Lab 7: Weighing the Earth.
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We’ve learned in class that Newton’s laws of motion apply to every object in our day-to-day lives, and can explain a great deal of how things move. Among these is the motion of a pendulum. Newton’s second and gravitational laws combine to explain how if the pendulum begins away from its rest position, the force of gravity acts to pull it down, causing it to accelerate, and eventually come to rest, and repeat again. Today, we will study this process to arrive at a surprising measurement; the mass of the Earth!
For this lab, you’ll need a simple pendulum, a stopwatch, and a calculator. You can construct a pendulum out of many things around you. All you need is a string and something to hang from it. You could use, for instance, a heavy cellphone or laptop charger hanging from its cable, a boot hanging from a long string, etc. For best results:
Part 1: The Approach
You should already be familiar with Newton’s second law of motion. It is most commonly written “F=ma”, but the more useful form is
which allows you to calculate the acceleration of any object based on forces that act on it. Objects respond more strongly (that is, have a greater acceleration) when subjected to stronger forces, or when their masses are smaller (imagine trying to push a cardboard box compared to a truck).
You will also need the law of universal gravitation,
which allows you to calculate the force that gravity applies to any object. Here G is a constant (like π), m and M are the masses that gravity is pulling together, and r is the distance between those two objects.
You’ll need one more equation before we get started that we have not yet studied. This relates the period P of a swinging pendulum to its length and the acceleration a that it experiences.
You don’t need to worry about where this equation comes from, but it’s important to know that this equation only applies when the pendulum swings through a small arc!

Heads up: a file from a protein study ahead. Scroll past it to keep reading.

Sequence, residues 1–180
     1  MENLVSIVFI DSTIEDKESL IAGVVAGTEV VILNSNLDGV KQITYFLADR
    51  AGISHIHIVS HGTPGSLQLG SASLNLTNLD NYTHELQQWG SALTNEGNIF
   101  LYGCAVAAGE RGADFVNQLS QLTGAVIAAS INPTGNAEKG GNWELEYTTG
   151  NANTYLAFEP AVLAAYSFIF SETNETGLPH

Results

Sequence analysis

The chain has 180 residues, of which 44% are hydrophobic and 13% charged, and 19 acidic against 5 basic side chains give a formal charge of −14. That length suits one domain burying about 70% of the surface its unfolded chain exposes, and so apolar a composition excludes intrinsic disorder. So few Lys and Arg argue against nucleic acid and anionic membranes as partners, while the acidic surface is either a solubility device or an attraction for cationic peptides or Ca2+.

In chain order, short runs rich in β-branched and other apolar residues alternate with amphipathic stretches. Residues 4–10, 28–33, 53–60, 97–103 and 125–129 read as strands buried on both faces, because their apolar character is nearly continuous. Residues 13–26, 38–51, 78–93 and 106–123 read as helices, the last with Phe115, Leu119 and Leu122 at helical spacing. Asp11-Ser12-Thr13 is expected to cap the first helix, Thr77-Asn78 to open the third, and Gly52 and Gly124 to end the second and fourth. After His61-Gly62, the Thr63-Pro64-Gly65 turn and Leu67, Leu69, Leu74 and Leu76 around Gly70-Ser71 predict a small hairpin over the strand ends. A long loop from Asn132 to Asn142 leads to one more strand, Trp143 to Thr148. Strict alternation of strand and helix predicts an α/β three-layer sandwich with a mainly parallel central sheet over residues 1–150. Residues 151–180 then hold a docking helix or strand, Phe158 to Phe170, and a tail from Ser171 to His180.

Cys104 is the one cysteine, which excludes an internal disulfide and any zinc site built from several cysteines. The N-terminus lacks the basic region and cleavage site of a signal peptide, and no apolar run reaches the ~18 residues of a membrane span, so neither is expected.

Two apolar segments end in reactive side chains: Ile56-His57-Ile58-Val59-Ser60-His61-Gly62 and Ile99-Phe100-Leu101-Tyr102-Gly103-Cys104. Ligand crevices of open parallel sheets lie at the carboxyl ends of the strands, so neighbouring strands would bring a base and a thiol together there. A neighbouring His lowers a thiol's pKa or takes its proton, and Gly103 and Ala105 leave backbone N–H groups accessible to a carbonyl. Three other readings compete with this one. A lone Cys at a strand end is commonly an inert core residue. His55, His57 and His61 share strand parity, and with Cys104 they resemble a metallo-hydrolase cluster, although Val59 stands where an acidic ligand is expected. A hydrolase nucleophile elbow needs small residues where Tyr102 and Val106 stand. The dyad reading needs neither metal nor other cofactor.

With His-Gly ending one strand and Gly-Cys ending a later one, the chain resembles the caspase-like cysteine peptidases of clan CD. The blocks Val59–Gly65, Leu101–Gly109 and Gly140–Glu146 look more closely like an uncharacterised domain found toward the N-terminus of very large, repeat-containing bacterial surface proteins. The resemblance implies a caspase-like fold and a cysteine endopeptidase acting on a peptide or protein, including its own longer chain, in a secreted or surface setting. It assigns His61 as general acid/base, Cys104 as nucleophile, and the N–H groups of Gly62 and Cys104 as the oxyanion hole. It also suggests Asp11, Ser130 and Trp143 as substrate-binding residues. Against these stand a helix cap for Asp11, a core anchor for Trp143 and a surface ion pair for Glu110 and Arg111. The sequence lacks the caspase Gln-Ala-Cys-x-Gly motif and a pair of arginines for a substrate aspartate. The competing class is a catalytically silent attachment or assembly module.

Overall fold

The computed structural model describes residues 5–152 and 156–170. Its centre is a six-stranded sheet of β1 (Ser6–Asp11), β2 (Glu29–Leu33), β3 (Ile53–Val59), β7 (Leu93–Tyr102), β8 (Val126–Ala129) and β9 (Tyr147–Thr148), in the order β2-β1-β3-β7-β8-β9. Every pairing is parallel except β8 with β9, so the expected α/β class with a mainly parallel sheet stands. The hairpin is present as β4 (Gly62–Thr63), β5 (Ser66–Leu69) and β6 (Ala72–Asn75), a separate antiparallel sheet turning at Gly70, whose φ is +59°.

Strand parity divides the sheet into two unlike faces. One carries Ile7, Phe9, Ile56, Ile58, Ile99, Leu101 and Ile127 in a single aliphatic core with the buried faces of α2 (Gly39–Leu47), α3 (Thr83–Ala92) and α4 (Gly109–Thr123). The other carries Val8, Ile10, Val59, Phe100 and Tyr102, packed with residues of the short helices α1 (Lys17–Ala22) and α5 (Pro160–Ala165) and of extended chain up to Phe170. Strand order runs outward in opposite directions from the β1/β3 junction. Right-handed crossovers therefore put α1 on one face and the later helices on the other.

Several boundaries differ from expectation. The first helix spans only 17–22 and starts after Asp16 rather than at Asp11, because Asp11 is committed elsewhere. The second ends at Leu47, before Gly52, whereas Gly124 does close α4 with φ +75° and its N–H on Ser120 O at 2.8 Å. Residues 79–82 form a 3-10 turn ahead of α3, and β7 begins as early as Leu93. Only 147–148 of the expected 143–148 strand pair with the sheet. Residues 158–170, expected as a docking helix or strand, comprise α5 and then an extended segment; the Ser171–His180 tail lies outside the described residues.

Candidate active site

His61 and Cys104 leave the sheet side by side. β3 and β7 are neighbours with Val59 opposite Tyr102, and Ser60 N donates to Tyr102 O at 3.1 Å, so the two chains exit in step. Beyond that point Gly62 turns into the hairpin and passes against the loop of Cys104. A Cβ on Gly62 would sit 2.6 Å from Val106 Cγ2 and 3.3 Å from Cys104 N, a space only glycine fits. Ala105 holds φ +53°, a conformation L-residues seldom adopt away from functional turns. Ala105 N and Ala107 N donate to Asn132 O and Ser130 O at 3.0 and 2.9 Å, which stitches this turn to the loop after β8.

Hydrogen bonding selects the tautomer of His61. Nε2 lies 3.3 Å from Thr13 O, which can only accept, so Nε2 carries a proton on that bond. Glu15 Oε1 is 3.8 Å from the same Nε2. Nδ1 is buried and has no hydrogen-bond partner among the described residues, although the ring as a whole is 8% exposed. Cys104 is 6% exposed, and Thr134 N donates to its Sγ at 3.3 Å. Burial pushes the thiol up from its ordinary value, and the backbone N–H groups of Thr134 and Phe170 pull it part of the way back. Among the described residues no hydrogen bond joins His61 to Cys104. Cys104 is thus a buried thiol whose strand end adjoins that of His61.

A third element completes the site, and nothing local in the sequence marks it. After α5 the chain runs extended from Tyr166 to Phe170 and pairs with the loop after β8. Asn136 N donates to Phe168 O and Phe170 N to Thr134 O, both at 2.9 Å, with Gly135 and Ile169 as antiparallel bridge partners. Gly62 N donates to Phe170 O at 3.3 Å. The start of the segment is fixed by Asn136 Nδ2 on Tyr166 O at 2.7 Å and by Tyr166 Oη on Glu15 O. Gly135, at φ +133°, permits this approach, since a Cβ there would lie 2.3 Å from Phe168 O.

So, here we have formulae that relate the period of a pendulum to the acceleration it experiences, the acceleration an object experiences to the forces on it, and the forces on it to the mass of the Earth. Now we need to do a little algebra to find what we need.
Part 2: A Bit of Algebra
We need to combine the previous equations to solve for the mass of the Earth. Note that M and m are two separate variables; M represents the mass of the Earth, and m the mass of another object (like your pendulum bob).
First, find the acceleration due to gravity by setting equations (1) and (2) equal to each other, and solving for a.
Does this value depend on m, the mass of the falling object? Is this what you expect? (If you drop two objects of different masses, will the heavier one land first?)
If you square both sides of equation 3, you get the equation . Solve this equation for a.
Set the a you found in question 1 equal to the a you found in question 3, and solve this for the mass M — the mass of the Earth.
In the previous question, you should have gotten , or something very similar. Show your TA or coach your result and discuss how you worked through the algebra with them. If your TA is not yet available, skip ahead and return when they are available.
The radius of the Earth (r above) can be measured with some clever geometry (Eratosthenes did it in 240 B.C.!), and G can be carefully measured in other experiments. What other values do we need to find to be able to determine the mass of the Earth from your result above?
The value of G given is . Write this in ”normal” notation (if is scientific notation, 164.5 is ”normal” notation). Is this a very large number, or a very small number? Why might gravity be referred to as a weak force?
Part 3: The Experiment Lab 7: Weighing the Earth.
We’ve now derived an equation that will tell us the mass of the Earth using a pendulum. All we need to do is measure the properties of the pendulum and the period of its swing.